Harry Duran: 21:07 I quickly realized. So, those excellent tasks, if we’re gonna grow as entrepreneurs, that genius, it’s like a small percentage. It’s like 5% if you think about what you can do but it’s your superpower. The thing that only you can do because of your training, your life skills, your personality, where you are in life, who you’ve associated yourself with, your network, there’s that superpower and that’s your genius and that’s what you should be focusing on because that’s the exponential growth that’s gonna come in your business from doing those tasks. For me it’s sales and marketing and having these types of conversations. As much as I like doing the admin and the day to day stuff that got me to where I am now, that’s not going to get me to where I want to go.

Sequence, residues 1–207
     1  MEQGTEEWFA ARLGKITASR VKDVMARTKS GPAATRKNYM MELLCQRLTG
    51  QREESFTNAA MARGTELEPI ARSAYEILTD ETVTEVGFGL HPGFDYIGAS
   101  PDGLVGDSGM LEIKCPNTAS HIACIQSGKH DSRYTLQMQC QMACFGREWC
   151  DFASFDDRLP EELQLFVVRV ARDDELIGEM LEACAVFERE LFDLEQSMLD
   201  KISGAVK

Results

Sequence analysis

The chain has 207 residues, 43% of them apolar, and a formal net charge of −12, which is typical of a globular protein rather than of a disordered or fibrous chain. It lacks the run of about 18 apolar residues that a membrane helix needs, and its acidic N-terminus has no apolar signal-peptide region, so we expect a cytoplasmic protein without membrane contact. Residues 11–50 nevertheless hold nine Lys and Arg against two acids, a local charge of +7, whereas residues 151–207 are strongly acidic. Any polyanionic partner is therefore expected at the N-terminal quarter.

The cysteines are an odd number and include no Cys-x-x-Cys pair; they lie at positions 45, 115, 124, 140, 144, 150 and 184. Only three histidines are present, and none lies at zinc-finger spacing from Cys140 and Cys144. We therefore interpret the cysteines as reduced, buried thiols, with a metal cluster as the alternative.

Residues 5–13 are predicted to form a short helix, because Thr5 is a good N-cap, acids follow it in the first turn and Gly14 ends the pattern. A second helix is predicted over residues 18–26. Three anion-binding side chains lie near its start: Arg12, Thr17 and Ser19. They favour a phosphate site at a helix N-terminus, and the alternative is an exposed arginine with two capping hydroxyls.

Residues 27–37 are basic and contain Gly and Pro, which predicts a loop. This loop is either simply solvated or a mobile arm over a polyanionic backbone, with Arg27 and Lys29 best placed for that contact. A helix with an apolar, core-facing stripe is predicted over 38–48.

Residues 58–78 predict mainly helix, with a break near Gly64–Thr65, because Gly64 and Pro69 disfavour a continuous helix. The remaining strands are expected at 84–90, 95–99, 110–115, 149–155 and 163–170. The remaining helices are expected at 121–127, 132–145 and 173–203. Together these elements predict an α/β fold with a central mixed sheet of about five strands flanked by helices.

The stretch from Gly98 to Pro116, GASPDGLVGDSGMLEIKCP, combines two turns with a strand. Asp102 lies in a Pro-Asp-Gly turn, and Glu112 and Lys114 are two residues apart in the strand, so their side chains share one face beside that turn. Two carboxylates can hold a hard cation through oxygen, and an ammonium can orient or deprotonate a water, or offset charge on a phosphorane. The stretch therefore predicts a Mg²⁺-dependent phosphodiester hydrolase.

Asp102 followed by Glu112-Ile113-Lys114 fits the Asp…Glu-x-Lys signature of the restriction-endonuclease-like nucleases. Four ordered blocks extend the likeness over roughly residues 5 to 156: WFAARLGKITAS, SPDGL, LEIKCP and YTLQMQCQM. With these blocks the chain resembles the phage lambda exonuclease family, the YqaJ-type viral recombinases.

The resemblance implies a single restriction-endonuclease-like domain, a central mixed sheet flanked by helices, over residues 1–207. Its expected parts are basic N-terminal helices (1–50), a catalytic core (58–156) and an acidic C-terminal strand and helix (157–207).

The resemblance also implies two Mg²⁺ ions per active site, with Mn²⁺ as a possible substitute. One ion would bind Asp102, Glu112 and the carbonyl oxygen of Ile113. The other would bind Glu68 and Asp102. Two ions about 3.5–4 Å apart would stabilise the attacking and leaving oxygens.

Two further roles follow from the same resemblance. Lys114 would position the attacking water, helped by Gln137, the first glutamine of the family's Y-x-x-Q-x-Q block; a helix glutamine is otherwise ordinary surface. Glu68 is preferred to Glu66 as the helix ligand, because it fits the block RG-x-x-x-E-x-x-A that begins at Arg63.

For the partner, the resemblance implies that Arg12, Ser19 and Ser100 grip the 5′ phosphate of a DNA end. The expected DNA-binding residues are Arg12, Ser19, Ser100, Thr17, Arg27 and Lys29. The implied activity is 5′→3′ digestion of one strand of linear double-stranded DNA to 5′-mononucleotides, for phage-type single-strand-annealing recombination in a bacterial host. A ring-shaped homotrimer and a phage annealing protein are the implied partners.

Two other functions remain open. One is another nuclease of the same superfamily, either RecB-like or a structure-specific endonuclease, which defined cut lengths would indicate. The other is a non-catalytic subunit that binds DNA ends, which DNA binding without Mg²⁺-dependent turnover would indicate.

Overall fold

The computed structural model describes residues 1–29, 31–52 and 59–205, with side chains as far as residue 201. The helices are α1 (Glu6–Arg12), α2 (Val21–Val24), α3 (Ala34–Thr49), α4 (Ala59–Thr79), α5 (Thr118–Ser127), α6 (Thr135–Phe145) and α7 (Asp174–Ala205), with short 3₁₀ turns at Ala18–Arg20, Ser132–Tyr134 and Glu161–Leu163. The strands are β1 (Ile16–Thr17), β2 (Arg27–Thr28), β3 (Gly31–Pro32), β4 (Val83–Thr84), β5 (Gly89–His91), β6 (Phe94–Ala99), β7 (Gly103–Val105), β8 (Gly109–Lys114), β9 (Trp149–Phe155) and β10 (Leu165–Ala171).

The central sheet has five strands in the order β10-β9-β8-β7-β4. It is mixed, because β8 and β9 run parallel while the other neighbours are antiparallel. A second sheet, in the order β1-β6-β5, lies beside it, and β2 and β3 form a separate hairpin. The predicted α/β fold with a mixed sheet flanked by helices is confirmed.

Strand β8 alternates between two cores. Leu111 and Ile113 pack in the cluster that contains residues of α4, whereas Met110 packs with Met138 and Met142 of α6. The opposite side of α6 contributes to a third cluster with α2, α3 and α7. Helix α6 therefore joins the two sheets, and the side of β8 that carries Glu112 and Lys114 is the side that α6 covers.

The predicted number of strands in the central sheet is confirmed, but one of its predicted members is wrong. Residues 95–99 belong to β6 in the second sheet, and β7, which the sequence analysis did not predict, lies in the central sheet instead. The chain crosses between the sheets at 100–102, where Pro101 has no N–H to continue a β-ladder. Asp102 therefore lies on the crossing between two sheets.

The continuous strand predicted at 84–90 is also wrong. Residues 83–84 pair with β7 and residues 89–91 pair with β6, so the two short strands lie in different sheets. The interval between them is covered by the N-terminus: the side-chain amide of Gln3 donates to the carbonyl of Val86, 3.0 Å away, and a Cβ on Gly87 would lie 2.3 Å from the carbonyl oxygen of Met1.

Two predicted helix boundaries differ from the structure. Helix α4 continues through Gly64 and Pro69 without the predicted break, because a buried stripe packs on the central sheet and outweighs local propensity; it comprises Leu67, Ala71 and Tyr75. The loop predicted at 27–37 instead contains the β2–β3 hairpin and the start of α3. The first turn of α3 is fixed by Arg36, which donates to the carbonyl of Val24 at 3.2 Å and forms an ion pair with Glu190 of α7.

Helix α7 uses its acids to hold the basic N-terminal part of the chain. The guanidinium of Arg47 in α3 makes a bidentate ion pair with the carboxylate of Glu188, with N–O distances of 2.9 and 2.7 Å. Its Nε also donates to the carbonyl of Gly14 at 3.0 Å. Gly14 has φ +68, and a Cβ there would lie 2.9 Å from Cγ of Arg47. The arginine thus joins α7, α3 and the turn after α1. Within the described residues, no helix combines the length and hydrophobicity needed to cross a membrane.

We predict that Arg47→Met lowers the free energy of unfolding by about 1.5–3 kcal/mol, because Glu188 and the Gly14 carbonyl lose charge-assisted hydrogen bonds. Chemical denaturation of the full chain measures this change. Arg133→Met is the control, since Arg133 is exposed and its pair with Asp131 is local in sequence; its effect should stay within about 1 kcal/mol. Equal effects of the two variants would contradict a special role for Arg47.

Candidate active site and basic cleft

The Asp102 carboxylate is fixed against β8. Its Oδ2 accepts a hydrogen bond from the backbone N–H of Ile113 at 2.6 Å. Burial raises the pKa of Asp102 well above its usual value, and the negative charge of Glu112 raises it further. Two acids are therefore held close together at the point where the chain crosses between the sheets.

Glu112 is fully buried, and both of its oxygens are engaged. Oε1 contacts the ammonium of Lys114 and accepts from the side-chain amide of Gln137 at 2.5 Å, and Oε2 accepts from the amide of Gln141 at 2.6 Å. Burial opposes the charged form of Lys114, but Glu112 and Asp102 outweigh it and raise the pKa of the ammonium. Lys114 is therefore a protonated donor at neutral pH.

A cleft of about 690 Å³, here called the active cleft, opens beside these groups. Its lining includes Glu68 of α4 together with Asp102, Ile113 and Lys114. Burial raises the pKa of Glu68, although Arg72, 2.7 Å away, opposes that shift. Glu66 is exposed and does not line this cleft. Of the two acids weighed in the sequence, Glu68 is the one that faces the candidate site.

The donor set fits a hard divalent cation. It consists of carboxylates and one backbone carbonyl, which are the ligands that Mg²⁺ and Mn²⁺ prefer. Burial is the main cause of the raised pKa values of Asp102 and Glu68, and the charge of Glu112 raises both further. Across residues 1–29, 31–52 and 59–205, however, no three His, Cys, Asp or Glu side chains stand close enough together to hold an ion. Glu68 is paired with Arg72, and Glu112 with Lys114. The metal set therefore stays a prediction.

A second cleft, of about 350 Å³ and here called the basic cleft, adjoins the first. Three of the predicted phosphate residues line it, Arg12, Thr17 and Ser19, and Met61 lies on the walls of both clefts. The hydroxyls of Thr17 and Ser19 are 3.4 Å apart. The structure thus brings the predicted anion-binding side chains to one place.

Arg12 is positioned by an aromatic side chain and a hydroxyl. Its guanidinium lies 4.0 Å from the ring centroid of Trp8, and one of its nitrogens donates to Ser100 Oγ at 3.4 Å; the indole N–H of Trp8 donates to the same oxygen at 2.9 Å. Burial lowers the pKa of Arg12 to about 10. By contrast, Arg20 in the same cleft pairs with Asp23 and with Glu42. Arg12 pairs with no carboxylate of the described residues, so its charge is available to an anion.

Chris Davis: 21:50 Yeah, and I love how when you talked about automating your business, you touched on more than one tool. I think that is really the true story is that when it comes to automation, you’re not gonna have one tool and say, okay, I am now automated. I love the stack that you’re using. As you’re naming off these tools, I can literally envision myself doing that and the second piece to it is, like Harry, you went through the process. You created that [inaudible 00:22:21]. You looked and said, Okay, here’s my text expander snippets.” So, you have all of that down so when it comes to hand off it’s not a blind handoff because where a lot of people get caught up is when they try to hand something off to somebody that they’ve never done or have no oversight of and now all of a sudden I’m supposed to be a manager and I don’t know what I’m managing, which most of the time, the result of that is micromanaging and if you’re not paying somebody handsomely …